The subject set for the Lothian prize in 1883 was ‘Justinian’. For a month before leaving on a tour of Egypt, Palestine and the Balkans George Curzon slaved at the British Museum. Those books of which he could get copies were packed on the journey. The essay he wrote in intervals of leisure on steamers, in his tent, or on camel-back. From The Times he learned in a café at Bedapesth a few weeks later that he had won the prize. This was the first step on the road to a recovery of self-respect and confidence. Later in that year, after another bout of concentrated reading, he sat for and was award a Fellowship at All Souls. One more academic goal remained. In December, Curzon happened to see, busily at work in Bodleian, an acquaintance who had taken a First and whom he imagined, wrongly, to be preparing an essay for the Arnold Prize. The subject was ‘Sir Thomas More’. Quite undeterred by the fact that he knew nothing about Sir Thomas More, Curzon determined to compete.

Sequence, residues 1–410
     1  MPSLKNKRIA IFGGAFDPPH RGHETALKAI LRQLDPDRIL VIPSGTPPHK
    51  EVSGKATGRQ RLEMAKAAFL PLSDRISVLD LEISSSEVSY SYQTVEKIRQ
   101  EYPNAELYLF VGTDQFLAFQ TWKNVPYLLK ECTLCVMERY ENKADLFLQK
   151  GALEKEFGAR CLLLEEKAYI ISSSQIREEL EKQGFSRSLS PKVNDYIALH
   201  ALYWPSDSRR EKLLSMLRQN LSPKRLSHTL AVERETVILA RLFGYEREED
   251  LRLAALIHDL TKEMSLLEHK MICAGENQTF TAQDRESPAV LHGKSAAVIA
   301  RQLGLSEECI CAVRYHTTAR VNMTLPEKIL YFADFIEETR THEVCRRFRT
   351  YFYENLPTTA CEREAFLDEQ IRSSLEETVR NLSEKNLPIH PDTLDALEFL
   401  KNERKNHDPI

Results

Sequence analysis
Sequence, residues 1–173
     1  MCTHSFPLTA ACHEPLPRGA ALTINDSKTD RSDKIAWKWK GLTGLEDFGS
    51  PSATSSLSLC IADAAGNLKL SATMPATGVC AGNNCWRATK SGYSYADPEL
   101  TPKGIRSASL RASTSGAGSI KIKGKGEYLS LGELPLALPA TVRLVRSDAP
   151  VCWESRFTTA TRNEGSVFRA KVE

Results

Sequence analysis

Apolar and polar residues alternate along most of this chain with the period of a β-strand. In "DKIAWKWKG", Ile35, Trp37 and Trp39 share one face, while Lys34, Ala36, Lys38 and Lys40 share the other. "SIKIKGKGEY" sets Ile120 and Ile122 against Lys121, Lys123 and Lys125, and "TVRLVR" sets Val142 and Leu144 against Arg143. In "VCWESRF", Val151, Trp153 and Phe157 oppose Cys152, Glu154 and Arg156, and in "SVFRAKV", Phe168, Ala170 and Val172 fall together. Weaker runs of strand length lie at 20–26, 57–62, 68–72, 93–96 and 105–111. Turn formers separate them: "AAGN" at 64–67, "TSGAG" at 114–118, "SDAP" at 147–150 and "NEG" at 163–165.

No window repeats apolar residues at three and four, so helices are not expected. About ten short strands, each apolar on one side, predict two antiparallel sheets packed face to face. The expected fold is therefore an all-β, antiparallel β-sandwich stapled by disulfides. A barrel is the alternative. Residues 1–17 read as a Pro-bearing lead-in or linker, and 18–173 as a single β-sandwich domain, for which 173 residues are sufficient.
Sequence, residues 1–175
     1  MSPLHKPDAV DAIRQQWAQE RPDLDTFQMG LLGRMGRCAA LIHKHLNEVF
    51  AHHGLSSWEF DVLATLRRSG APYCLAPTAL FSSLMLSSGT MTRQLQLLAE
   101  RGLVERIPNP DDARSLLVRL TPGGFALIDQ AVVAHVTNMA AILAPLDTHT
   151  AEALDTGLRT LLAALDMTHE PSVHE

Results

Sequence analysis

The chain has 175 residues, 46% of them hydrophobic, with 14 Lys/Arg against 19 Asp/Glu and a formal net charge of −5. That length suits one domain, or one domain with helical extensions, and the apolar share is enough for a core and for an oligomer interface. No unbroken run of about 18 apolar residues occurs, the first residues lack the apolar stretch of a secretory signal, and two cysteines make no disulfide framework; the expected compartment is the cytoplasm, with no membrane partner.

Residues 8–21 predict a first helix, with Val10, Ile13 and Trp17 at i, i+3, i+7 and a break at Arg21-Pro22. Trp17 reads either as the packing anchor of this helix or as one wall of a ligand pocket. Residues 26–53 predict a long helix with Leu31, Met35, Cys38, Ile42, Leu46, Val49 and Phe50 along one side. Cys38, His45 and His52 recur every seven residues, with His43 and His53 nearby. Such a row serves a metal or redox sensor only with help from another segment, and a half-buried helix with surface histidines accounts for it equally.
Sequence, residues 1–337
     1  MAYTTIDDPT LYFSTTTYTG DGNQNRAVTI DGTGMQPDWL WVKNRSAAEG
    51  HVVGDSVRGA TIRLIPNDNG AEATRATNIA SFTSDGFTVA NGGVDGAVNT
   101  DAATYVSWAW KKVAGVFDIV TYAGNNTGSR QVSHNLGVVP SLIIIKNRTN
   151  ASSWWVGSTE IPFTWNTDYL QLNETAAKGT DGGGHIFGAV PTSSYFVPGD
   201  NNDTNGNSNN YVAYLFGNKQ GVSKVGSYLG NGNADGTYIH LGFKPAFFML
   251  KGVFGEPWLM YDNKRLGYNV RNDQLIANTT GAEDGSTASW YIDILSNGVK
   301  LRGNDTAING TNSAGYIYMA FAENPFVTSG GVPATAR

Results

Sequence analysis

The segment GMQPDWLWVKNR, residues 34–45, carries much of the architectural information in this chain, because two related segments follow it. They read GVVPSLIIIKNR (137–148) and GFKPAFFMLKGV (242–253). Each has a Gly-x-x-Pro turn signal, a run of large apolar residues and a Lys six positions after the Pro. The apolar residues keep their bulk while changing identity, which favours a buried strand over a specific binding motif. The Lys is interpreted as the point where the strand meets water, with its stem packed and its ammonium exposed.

For nearly four months he shut himself up in London and worked twelve or fourteen hours a day. The essays must be handed in by midnight on a Monday. On that evening Curzon took the train to Oxford, continuing to write until the last moment. As the clocks tolled twelve he knocked up the janitor at the Schools, apologising for the inconvenience on the grounds that this was the winning essay. A few weeks later the press announced that the Hon. G. N. Curzon had been awarded the Prize. No one had ever before won both the Arnold and Lothian prizes (Dilks, 21–22).
He read classics which were divided into parts—Mods and Greats. He was required to spend six terms on each. For Mods he had to read Greek and Latin: Greats included History and Philosophy. Richard Farrer took it upon himself to warn Curzon to concentrate on his studies.
Nevertheless, he was considerably pained to discover when the results were out that he had not got a first (Goradia, 88).